This month, The Healthcare News examines the ways in which children might be affected by questionable entertainment — especially violence — and why the issue might be more relevant today than ever before.
Jeff Kassis, clinical director at River Valley Counseling, said media violence can certainly contribute to aggression in young people, but in most cases, it’s one of multiple negative influences.
“We’re seeing a cluster of what we call life circumstances that don’t bode well for kids, and their exposure to media violence is just one piece,” he said. “We have kids that, because they live in tough communities, their parents frequently don’t want them out playing. We have kids hearing about or witnessing violence in their own communities. Combine that with the violence they’re seeing on TV or in video games, and it’s a scary combination.”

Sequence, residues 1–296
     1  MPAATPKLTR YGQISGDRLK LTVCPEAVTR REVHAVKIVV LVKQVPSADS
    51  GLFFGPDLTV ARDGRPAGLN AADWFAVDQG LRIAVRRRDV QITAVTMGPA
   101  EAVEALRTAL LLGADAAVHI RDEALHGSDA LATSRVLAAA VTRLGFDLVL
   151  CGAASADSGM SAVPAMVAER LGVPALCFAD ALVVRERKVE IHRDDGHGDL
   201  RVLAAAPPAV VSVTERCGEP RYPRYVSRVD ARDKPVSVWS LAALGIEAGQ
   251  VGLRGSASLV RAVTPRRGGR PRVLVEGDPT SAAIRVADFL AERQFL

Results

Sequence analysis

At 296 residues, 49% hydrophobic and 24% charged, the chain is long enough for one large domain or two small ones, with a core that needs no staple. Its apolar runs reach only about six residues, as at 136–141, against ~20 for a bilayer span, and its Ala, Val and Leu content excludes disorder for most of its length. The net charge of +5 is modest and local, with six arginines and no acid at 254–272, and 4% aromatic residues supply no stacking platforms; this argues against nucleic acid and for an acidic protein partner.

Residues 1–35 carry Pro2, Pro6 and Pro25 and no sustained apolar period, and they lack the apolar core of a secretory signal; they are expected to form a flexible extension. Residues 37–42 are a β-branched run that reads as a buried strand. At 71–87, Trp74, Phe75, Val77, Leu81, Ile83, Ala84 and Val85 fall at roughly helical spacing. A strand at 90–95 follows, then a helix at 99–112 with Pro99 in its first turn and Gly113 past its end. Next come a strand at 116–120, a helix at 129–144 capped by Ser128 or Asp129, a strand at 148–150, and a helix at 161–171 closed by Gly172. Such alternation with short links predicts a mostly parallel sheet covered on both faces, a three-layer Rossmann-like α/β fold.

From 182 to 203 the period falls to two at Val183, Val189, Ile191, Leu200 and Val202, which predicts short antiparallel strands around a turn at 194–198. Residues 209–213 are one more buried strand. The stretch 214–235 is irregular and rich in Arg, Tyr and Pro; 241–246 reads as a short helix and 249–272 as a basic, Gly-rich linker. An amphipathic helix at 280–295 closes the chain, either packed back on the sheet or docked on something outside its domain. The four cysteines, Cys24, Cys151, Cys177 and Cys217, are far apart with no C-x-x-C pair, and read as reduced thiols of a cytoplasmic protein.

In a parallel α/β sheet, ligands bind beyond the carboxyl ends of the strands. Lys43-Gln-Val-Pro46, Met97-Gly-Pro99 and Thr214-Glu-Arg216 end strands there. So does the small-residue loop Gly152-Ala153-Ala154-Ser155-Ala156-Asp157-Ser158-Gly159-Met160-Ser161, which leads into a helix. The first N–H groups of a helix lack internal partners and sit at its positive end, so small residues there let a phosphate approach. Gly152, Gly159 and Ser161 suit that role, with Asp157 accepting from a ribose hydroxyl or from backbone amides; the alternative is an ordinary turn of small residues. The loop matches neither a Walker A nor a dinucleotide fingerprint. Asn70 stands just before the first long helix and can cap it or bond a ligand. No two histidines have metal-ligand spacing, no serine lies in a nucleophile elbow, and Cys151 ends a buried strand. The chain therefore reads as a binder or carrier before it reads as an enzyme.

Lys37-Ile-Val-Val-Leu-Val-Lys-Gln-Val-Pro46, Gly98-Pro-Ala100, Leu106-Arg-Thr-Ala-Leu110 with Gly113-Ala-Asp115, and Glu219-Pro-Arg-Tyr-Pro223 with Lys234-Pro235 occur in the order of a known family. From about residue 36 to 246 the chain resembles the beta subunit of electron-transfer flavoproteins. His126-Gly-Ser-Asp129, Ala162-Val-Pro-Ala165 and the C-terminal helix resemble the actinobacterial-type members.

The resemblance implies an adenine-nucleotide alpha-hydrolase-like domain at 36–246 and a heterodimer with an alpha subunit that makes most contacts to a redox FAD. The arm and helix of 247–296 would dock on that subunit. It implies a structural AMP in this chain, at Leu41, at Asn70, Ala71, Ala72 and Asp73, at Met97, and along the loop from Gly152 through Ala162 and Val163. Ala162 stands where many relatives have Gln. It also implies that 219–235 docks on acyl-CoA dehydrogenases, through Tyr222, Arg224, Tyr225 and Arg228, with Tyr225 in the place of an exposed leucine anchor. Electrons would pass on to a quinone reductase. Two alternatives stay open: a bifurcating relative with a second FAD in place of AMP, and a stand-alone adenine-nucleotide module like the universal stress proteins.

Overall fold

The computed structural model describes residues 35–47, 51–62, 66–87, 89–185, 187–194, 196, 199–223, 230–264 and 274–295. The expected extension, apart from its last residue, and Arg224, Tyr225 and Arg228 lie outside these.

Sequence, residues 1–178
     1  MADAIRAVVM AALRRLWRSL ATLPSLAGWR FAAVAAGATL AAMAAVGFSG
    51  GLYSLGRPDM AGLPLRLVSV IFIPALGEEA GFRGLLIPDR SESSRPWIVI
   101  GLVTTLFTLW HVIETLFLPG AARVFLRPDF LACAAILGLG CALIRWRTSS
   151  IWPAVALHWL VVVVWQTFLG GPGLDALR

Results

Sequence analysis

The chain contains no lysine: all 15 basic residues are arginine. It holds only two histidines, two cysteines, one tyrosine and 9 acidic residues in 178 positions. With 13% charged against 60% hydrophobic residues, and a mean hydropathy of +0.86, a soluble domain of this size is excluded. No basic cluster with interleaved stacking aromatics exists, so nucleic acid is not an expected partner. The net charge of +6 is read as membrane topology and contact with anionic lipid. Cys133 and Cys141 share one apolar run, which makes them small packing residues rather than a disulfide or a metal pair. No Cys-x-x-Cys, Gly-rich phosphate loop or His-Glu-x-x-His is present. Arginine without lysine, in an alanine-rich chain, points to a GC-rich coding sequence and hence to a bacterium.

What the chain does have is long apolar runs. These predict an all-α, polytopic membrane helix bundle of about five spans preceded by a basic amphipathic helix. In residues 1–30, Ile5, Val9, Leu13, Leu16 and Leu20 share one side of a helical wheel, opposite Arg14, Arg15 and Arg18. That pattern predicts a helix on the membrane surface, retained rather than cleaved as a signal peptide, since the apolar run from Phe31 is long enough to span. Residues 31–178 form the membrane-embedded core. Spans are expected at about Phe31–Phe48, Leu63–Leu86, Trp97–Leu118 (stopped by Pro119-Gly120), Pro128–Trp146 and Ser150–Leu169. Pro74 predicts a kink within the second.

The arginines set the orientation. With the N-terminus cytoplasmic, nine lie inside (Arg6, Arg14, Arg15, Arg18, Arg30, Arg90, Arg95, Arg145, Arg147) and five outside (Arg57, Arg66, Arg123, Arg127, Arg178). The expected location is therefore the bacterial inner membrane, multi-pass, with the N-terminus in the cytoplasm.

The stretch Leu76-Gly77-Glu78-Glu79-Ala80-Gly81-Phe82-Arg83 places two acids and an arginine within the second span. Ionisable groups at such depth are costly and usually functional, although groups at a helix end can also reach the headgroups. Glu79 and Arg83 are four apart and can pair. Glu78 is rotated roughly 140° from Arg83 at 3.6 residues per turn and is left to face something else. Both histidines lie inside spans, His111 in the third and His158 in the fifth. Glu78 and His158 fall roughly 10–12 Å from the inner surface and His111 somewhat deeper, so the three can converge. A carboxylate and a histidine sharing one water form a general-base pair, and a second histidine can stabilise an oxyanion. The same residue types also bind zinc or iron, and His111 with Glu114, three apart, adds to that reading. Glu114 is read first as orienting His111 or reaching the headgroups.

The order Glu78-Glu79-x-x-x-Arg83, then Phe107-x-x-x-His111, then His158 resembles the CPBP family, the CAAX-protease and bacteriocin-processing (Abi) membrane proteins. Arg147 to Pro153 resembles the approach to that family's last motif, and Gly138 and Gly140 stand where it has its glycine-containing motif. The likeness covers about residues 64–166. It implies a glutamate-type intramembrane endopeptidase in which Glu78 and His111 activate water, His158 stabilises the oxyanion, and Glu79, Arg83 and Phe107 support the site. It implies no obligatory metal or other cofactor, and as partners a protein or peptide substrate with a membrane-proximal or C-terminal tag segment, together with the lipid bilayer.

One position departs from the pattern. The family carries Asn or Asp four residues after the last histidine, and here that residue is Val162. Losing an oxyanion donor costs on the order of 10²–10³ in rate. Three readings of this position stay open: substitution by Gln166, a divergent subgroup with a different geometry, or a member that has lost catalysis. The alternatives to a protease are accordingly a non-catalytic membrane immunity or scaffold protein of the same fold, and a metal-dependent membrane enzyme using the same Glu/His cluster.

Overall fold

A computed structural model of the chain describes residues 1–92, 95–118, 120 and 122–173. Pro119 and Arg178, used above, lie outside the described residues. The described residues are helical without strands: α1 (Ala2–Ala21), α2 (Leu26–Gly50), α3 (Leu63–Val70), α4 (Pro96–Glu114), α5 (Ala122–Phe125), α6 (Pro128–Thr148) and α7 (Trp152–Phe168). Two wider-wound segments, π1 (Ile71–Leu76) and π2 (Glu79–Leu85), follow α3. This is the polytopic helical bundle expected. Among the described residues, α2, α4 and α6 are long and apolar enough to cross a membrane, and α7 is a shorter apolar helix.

And if kids are witnessing violence close to home, violence in the media can reinforce the desensitizing quality that many psychologists attribute to long-term exposure to violence, Kassis said. “Imagine living in a community and hearing gunshots going off at random times. Kids in a sense dissociate from the feeling of what it would like to hurt somebody, and that gets kind of scary. You have the concern that kids could participate in violence and lose their empathy.”
Empathy, he explained, is one of the key variables in limiting the impulses that people have when they feel the urge to hurt somebody. “It puts us in someone else’s shoes and stops us. If kids lose their sense of empathy, that’s a big concern.”